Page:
Bystander Apathy

While Watchmen does not provide the full (or correct) story of Kitty Genovese, it does, however, show characters who seem to have been affected by this phenomena. If the Bystander effect, or apathy, were practiced by the main protagonists of Watchmen would hardly be prevailed upon to act in heroic ways. In fact, the entire cast of ‘heroes’ seemed to have formed based upon a reverse reaction to the prevalence of the bystander effect. The apathy shown to allow such rampant crime and corruption in their cities is what leads the characters to take on the masked life.

Still, the bystander effect has its place and practice within the Watchmen, and is even practiced by perhaps the most ‘super’ human; Dr. Manhattan.

(c)1986 Alan Moore and Dave Gibbons
(c)1986 Alan Moore and David Gibbons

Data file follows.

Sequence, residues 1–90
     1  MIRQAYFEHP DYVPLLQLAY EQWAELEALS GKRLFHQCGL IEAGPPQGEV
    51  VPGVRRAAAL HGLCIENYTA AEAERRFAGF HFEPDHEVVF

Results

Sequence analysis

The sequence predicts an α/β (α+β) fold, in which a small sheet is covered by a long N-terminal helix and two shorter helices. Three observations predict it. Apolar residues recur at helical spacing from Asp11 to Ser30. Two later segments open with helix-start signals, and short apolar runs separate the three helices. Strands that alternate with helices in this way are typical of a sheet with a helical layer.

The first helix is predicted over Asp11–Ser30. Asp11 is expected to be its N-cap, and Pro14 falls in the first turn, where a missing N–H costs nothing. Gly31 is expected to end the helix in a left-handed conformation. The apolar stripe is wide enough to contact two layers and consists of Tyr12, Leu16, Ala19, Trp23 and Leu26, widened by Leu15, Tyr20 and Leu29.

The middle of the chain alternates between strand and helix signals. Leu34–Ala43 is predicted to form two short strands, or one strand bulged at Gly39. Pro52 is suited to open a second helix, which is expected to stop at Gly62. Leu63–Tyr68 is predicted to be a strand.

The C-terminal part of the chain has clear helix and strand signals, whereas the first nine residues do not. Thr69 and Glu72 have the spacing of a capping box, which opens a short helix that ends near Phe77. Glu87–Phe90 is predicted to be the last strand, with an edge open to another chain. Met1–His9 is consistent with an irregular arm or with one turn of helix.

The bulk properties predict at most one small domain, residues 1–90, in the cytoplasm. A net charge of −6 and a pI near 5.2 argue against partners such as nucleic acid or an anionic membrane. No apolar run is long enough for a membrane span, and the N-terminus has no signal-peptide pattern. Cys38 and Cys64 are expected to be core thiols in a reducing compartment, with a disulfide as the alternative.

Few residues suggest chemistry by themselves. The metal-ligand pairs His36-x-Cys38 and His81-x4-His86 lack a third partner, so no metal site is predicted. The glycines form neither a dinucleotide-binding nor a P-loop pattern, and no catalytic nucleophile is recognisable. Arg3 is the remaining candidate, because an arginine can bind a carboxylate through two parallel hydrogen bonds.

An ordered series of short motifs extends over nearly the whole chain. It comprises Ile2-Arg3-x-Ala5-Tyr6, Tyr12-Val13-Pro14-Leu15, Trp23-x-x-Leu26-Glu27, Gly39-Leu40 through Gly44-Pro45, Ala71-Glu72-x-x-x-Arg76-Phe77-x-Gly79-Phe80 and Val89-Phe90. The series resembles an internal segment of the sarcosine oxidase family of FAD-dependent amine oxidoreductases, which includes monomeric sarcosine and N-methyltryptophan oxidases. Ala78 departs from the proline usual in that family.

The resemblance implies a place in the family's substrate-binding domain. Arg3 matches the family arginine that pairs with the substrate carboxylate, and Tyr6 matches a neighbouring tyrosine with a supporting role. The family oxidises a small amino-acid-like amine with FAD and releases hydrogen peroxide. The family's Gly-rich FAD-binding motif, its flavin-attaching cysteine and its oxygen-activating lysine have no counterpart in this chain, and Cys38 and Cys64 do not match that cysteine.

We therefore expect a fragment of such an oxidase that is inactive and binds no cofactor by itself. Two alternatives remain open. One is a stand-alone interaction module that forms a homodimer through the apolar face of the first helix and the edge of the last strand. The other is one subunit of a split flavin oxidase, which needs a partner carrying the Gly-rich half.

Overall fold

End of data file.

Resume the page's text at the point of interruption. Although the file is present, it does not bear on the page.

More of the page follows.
The implications of Dr.Manhattan being the only Watchmen to be the bystander of a crime without trying to rectify the situation shows his ability to both be the least guided by a strict sense of morality, and right from wrong. The other masked heroes all seem to be guided by the need to help those that cannot help themselves, and to strike back at the prevalent crime of their world.

Compare Dr. Manhattan’s actions with the Night Owls, and it begins to become apparent that mentality of the two characters are very different. Where one feels called to act on a sense of duty towards the general public and good, the other seems to be less concerned with humanity and is more guided by the commands of those in power. The bystander effect is broken when a person is either given a task to perform or acts independently of the societal expectations entirely. Dr. Manhattan is given orders when to step in, but it the characters like the Night Owl and Rorschach that operate based on these societal deviant notions that truly break the bystander effect.

(c) 1986 Alan Moore and Dave Gibbons
(c) 1986 Alan Moore and Dave Gibbons